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Six Benefits to Consider Offering During 2021 Open Enrollment

Six Benefits to Consider Offering During 2021 Open Enrollment

Time and again, stellar employee benefits have proven to be a great tool for employers looking to boost recruitment and retention rates. With open enrollment fast approaching for many organizations, consider including these six popular benefits in your 2021 package.

 

What's the Connection Between Benefits, Recruitment, and Retention? 

In a 2018 SHRM Employee Benchmark Study, 92% of surveyed workers indicated that employee benefits significantly impacted overall job satisfaction. 

That’s a huge number—and it isn’t being ignored. The same survey indicated that “... of the 34% of organizations that increased benefits offerings in the last 12 months, 72% cited retention as a reason for doing so.” 

From a purely performance-related perspective, it makes perfect sense that offering a better benefits package results in more satisfied workers. The same SHRM survey backs up that assertion, indicating that “... organizations that use benefits as a strategic tool for recruiting and retaining talent reported better overall company performance.”

 

6 Benefits to Consider Offering During 2021 Open Enrollment

While some of the following six benefits may be familiar to teams who have conducted open enrollment in the past, what stands out about each is that they continue trending upward—making them appealing for workers and employers alike. 

  1. Employer Contributions to Health Savings Accounts (HSA): According to SHRM’s 2019 Healthcare and Health Services report, more than 50% of employers offered HSAs alongside high-deductible health plans. Better still, 39% of these employers made contributions to their employees’ HSAs. It goes without saying that helping your team bolster healthcare savings can go a long way towards recruitment and retention.
  2. Employee Assistance Programs (EAPs): Given everything that’s already happened in 2020—a once-in-a-century pandemic and record unemployment, for example—EAPs seem a natural fit for the upcoming year. An EAP assists workers with personal or work-related problems that may impact their job performance, health, and mental and emotional wellbeing. They also generally offer free and confidential assessments, short-term counseling, referrals, and follow-up services for employees.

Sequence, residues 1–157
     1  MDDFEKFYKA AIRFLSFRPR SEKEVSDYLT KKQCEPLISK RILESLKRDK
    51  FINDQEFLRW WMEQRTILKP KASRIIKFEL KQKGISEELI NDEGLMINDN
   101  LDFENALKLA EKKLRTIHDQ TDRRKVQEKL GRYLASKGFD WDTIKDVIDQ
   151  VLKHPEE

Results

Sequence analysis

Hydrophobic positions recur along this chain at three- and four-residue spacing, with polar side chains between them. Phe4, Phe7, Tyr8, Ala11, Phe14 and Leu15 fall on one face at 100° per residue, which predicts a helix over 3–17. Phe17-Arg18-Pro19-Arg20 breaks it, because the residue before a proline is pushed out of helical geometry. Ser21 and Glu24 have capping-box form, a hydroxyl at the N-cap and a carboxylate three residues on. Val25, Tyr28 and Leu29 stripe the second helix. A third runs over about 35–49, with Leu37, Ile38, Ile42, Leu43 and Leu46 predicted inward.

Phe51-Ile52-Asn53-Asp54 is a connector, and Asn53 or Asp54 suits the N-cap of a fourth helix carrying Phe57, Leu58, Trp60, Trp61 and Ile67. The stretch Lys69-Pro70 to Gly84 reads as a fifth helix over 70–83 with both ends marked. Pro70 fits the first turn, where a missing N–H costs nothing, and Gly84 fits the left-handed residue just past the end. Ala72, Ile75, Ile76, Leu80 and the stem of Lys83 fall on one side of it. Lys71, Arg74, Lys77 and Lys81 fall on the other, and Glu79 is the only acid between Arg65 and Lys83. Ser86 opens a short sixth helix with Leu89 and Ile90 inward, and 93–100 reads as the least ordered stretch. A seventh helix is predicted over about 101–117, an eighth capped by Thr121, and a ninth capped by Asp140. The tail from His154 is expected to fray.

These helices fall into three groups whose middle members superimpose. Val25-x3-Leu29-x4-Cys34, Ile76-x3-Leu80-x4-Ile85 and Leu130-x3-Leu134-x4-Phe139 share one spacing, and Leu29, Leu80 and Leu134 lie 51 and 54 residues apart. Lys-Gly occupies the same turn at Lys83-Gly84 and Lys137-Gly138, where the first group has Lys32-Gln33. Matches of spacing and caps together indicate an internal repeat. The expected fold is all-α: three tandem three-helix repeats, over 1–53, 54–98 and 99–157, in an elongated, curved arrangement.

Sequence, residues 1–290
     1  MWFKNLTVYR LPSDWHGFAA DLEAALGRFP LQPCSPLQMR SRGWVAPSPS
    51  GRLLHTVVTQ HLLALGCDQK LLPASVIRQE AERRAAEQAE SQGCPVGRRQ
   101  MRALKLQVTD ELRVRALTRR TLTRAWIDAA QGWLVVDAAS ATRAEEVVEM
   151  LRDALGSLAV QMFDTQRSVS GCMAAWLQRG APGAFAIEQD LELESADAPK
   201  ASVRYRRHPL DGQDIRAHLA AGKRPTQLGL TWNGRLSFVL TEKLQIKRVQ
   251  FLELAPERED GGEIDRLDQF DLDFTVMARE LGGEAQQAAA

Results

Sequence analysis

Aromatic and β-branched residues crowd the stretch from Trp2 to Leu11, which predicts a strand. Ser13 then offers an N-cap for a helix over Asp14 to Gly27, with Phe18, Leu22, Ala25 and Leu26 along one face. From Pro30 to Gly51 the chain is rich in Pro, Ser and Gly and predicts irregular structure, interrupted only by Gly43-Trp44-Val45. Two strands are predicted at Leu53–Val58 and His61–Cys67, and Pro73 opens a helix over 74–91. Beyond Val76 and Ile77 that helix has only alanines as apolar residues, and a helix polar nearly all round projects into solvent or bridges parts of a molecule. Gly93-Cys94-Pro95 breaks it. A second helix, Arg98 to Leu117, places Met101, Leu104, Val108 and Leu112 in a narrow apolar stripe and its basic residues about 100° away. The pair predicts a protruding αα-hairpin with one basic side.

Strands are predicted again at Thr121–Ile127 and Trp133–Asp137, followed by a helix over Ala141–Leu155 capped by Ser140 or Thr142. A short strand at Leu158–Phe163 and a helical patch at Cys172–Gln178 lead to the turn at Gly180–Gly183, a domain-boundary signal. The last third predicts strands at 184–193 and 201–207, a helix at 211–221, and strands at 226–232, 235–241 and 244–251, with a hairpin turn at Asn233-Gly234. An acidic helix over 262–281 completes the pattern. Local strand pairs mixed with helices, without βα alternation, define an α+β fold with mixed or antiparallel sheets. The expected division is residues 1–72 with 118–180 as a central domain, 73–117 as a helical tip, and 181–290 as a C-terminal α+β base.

3. Personalized Supplementary Benefits: In the same 2019 SHRM mentioned above, the study points out that “supplemental insurance plans provide both convenience and value for the employer and the employees.” By focusing on personalization—benefits that match an employer’s workforce demographics—teams can craft voluntary packages that draw increased interest and enrollment. For example, if your staff base typically falls between 25 and 30 years old, it would make sense to offer childcare benefits.
  4. Student Loan Assistance: More frequently, employers are offering student loan assistance as an option for employees. This benefit is particularly popular with the younger demographic transitioning into the workforce. While not widely prevalent—SHRM reported an increase from 4 to 8% in employers offering the program, from 2018 to 2019—the Consumer Financial Protection Bureau anticipates a significant increase in employer coverage of student loan repayment in the near future.
  5. Telemedicine and Telehealth Options: SHRM’s 2019 study also concluded that telemedicine and telehealth coverage increased by 10% from 2018 to 2019. It’s safe to say that the coronavirus has only accelerated the adoption of these services. According to the CDC, “recent policy changes during the COVID-19 pandemic have reduced barriers to telehealth access and have promoted the use of telehealth as a way to deliver acute, chronic, primary, and specialty care.”
  6. Benefits that Make Workplaces Friendlier: People like working for companies that make their lives better. The 2019 SHRM report indicated that benefits such as childcare, eldercare, onsite mother’s rooms, and even pet insurance are popular among millennials, who are now the largest active generation in the workforce.

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